I am posting a little out of order because some of my rolls are E-6, and my local developing store has closed. Well, more accurate, they closed and moved to New Hampshire, which is no longer local. I had used them a number of times on this project, especially before I got comfortable doing C-41 processing, and it was nice to be able to just swing by there on my way to work, drop off my film and pick it up the next day or a few days later.
Anyway, for this week I went down to a local landmark I’ve shot a few times in this project, but with the thought of capturing the last of the Fall colors, and trying out the trichrome technique again. In case you missed my earlier post on this, trichromes are 3 B&W photos taken with red, green and blue filters and then overlayed to get a final color image. I do this in GIMP and it is fairly simple. Each image is a separate layer in the final, and you colorize with the corresponding filter you used to shoot the image.
Getting things aligned was more tricky this time because I was dealing with more vegetation. I also think my choice of camera (Yashica Mat 124G) worked against me some as the focal length results in some distortion on the edges of the negatives and getting that distortion to align perfectly after shooting and scanning proved a little troublesome. But, the results are certainly unique. I shot these with Kodak TMax-100, developed in Ilford DD-X for 7 minutes.
I also brought along my Olympus OM-2n loaded with Kodak Hawkeye. I wasn’t all that impressed with my previous results from this film, and despite people saying it was like ‘high-speed’ Ektar, it just looked like high-speed blah. So I shot at a lower ISO (250) rather than the box speed of 400. I still am not all that thrilled with the colors. I developed this with a fresh Jobo C-41 press kit, so I know it wasn’t because the developer was on its last legs.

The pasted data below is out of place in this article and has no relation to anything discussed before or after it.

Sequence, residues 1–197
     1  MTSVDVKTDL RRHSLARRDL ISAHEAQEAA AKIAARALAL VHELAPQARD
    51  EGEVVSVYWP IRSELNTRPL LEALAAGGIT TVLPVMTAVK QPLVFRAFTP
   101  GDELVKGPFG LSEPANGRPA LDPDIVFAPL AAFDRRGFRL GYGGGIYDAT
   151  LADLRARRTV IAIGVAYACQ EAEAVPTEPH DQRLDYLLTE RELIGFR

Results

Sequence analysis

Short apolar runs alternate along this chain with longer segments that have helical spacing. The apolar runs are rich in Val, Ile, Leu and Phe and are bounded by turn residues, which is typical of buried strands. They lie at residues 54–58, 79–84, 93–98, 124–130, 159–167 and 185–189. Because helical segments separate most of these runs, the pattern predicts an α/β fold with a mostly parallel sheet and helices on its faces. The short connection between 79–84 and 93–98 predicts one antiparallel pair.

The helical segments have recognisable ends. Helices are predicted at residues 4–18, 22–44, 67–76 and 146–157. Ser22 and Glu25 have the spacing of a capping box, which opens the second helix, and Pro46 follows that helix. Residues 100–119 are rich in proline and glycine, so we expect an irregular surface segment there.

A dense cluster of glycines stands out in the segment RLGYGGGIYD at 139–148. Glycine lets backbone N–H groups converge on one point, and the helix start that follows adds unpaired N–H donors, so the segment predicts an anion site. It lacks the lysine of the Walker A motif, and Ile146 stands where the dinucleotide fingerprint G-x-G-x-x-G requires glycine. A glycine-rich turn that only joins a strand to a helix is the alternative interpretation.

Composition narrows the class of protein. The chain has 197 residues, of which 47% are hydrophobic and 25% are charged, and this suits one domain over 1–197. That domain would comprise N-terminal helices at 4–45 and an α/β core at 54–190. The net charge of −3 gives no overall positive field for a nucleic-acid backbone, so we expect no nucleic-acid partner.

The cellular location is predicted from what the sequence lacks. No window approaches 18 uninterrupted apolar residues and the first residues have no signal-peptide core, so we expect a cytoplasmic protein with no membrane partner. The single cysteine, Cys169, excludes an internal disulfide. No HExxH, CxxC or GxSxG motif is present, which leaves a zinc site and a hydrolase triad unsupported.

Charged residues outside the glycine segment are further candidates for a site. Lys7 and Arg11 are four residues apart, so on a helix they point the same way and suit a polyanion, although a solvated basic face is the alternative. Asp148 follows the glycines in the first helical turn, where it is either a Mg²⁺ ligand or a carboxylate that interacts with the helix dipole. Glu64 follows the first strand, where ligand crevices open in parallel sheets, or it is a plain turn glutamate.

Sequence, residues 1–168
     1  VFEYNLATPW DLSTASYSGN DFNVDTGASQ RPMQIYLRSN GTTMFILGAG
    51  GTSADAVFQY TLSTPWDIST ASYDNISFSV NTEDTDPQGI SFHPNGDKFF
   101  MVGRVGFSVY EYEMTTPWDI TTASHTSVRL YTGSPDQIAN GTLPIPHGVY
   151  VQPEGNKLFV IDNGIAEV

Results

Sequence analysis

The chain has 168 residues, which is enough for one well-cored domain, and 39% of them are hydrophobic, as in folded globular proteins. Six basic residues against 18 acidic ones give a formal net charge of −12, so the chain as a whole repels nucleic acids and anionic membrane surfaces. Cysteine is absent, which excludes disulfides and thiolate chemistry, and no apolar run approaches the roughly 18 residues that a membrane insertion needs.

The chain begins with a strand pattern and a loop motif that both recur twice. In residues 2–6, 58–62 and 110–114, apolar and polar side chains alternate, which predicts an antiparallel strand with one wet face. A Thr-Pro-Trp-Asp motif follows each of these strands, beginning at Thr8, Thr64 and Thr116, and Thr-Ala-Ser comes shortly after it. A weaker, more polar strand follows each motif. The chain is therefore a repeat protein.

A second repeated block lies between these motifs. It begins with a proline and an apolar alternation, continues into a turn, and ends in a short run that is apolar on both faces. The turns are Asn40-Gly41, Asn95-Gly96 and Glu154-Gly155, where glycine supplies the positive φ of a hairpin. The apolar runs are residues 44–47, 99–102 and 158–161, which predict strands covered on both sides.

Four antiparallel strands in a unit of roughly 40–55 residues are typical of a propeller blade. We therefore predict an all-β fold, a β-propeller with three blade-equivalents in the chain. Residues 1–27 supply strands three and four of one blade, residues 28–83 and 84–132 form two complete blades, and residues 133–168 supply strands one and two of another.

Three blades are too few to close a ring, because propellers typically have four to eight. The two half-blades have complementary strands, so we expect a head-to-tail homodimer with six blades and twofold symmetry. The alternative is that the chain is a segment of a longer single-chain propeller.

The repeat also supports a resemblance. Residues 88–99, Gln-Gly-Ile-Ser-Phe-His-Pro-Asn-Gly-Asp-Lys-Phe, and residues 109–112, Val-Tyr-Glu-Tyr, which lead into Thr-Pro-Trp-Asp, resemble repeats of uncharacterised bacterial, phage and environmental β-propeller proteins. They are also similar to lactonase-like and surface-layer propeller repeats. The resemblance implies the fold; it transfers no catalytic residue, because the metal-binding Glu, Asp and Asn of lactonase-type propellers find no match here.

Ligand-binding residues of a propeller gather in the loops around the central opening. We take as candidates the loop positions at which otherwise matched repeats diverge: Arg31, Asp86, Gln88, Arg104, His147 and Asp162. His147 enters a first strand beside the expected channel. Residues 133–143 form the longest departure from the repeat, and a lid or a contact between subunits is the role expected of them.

I took the trichrome shots and then took a shot with the OM-2n, just for comparison sake. The single shots will obviously be sharper, but you can also see the distortion/alignment issues in this first shot (the multiple-trunk small tree in the lower right). Neither look like what my eye saw in terms of color, but I like the trichrome look better.
This one is kind of neat because the clouds are more prominent, and there was a young family down by the river with the kids running around between shots. So they show up as different colors because of the nature of the trichrome process.
I messed up one of my trichrome shots (completely underexposed the green), but I knew I made the mistake as I was shooting. But still it limited me to 3 potential trichromes and the third, looking up the river from the window in the bridge, just had too many alignment issues and ended up looking yucky, so I scrapped it. But I did take a few regular b&w shots, this one with a red filter looking down river into the sun. I adjusted it down to what I wanted when i took it. This might make for a fun darkroom printing project to play with dodging and burning.
And I also wandered around taking shots with the Olympus and Hawkeye.
I’ll probably try the trichrome technique a few more times before the year is out, but I will most likely try it with a different camera, perhaps my Fujica GW690.